Campus News

Beauty of campus art: Pieces selected to inspire viewers, encourage thinking

In between classes, meetings and other obligations Kirkwood Community College students, faculty and staff are able to walk the halls viewing and enjoying thousands of works of art in a variety of styles. 

From “Bloom,” the hanging piece by Susan Chrysler White in the atrium of Cedar Hall to the abundance of photographs by American photographer and Iowa Women’s Hall of Fame member Joan Liffring-Zug Bourret, from the illustrations of former “Cedar Rapids Gazette” illustrator John Paul Schafer which line the hallways of Benton Hall to “Box,” a wood and stainless steel wall piece by renowned sculptor Louise Nevelson, campus artwork comprises a stunning collection that serves to enhance and complement the college experience. 

Arbe Bareis-Moyyad, associate professor of painting and drawing at Kirkwood, said he believes campus artwork has many purposes. “Art creates a friendly learning environment. People tell me there are certain areas on campus that make them feel happy, contented, relaxed by seeing the art,” he said and added, “It has didactic qualities, teaching qualities. Students can learn about culture. They can learn about different kinds of diverse situations … Kirkwood is about helping students succeed, while they’re at Kirkwood and after they leave Kirkwood and I think the art helps support that.” 

Since 2006 Bareis-Moyyad has served as the curator for the vast art collection across all of Kirkwood’s campuses, a position he said he “fell into” after a number of years running the art gallery in Iowa Hall. He explained he attempts to acquire art that is visually appealing, that opens people’s minds to get them to think and that has artistic and visual integrity.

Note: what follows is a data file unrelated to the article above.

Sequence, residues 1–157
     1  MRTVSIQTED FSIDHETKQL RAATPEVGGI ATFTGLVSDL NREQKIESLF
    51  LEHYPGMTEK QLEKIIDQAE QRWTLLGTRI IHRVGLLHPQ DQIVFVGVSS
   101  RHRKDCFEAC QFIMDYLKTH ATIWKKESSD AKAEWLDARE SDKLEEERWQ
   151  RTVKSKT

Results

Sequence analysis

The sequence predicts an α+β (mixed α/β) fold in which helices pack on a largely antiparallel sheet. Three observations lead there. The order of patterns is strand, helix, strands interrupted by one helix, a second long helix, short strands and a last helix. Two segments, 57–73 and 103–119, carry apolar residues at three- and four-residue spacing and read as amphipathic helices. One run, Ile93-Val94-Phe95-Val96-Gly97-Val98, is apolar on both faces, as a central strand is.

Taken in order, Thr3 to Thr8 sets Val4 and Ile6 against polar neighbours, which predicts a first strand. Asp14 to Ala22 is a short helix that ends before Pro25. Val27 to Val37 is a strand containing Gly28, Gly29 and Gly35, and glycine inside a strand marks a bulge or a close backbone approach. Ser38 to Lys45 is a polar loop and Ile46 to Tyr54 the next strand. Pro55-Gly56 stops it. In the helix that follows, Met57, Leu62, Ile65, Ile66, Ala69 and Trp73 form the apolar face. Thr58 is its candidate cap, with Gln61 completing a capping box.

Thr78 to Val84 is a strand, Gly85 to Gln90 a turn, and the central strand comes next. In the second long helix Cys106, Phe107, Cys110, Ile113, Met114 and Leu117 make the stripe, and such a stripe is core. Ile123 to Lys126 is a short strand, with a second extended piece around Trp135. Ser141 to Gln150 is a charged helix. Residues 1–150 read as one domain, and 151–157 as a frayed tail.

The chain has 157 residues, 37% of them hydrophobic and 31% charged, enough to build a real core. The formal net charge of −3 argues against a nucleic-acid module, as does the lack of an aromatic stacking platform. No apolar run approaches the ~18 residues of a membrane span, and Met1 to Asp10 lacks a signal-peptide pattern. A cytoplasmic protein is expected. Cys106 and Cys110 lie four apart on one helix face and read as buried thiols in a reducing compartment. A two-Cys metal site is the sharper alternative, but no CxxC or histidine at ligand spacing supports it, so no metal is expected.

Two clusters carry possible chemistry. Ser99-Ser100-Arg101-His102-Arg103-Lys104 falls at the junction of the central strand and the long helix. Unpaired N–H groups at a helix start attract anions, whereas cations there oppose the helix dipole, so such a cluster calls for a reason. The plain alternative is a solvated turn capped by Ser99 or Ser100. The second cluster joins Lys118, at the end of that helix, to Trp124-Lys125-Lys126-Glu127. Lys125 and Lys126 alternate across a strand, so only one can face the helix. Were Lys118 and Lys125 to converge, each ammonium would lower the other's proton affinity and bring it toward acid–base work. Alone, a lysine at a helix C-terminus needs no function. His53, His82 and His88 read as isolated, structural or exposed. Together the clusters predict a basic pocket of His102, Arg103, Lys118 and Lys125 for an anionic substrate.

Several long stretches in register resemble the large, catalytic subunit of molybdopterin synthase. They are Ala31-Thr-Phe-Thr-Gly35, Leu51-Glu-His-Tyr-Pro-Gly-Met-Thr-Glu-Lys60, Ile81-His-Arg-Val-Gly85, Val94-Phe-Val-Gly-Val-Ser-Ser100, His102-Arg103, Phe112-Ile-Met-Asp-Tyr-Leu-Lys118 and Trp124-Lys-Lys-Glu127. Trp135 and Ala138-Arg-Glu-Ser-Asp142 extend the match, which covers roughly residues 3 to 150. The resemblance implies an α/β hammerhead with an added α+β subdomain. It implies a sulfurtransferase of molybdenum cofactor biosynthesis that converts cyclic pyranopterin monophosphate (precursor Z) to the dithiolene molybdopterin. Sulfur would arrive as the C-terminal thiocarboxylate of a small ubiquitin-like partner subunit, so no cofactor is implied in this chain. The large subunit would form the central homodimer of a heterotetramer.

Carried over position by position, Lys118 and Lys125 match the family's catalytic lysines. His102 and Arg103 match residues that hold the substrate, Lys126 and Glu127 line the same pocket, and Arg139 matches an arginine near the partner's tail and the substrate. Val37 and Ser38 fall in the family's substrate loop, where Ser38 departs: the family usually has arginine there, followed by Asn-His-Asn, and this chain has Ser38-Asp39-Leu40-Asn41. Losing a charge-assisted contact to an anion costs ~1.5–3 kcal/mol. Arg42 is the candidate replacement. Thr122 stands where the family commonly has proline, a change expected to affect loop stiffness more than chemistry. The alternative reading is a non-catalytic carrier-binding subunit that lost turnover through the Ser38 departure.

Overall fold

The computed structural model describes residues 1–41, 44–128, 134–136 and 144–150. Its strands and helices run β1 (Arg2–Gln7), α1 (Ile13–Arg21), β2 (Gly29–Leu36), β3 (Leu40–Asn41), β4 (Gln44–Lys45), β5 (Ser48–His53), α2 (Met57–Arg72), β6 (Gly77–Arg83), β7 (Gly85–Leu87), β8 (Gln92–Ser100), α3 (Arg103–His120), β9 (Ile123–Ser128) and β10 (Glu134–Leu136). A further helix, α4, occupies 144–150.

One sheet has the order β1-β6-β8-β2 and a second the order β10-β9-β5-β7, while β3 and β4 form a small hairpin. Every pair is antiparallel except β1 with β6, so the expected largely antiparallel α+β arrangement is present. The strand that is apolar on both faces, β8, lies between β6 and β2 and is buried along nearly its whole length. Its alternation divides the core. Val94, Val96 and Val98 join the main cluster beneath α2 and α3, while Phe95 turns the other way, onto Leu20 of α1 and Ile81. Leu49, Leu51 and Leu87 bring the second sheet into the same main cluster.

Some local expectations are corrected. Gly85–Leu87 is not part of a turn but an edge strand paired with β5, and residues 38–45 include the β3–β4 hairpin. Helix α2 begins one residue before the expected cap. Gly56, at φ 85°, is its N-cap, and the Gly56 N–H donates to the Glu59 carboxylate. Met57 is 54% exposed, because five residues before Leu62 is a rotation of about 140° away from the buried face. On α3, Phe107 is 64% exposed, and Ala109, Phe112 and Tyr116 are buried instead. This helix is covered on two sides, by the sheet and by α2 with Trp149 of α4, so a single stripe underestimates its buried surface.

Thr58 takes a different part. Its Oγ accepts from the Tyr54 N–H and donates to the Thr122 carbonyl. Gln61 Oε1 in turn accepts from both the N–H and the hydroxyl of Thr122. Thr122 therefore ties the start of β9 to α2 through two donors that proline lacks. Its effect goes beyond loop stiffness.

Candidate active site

Bareis-Moyyad selects art for buildings based on the types of things being taught or accomplished in those buildings. For example, Washington Hall, which hosts agricultural classes, contains art related to farming, such as images of farms and farm equipment. According to Bareis-Moyyad, art that is specific to a building or floor of a building is sometimes used for educational opportunities, like inspiration for writing assignments. 

Variety is a key feature of Kirkwood’s collection, which includes abstract and realism paintings, photography, glass, ceramics and metal work. Bareis-Moyyad noted, “There are all different styles at Kirkwood. There’s a Rembrandt etching in the collection. There is Native American, both South American and North American, artwork in the collection.” Also included is a work by the highly respected Cedar Rapids painter Marvin Cone who taught art at Coe College for more than 40 years.  

For those looking to simply walk the halls in solitude and introspection the art can serve as a focal point and an opportunity to enter a contemplative state. 

The Kirkwood art collection contains pieces, some of which were commissioned, created by local artists, other artists with a connection to Iowa and former and current students. Though some pieces are purchased others are donated to Kirkwood. Many of the donations occur through the Kirkwood Foundation.  

Financial donations are also made by artists and art enthusiasts through the Kirkwood Foundation to help expand the art collection and support Kirkwood’s art programs. For example, an endowed scholarship established by Iowa City artist Madeline Roemig-Bendorf provides assistance for students pursuing careers in fine arts. 

Due in part to this community support, Kirkwood has been gifted with what Bareis-Moyyad describes as “one of the best art collections in a community college in the nation … Kirkwood as a whole is one of the most special community colleges in the nation. We are embracing, we … strive for excellence in everything we do. The art in the hallways reflects the excellence that we are trying to accomplish as an institution and as individuals, as faculty members, as students, as staff members, as administrators.” 

He continued, “Kirkwood gives you the foundation to … unleash the unlimited potential for excellence that each student has.” 

Bareis-Moyyad said he believes when discussing campus art it’s important to remember that how the viewer thinks of and experiences the art is as important as what he thinks. He stated he selects and places the art to, “Light a bulb in your mind to think about the world in a different way. That is what this is all about, all of the art in all of the buildings is about getting people to think in ways they hadn’t thought before. No matter what your major is, no matter what your career path is, no matter what your goals in life are.”

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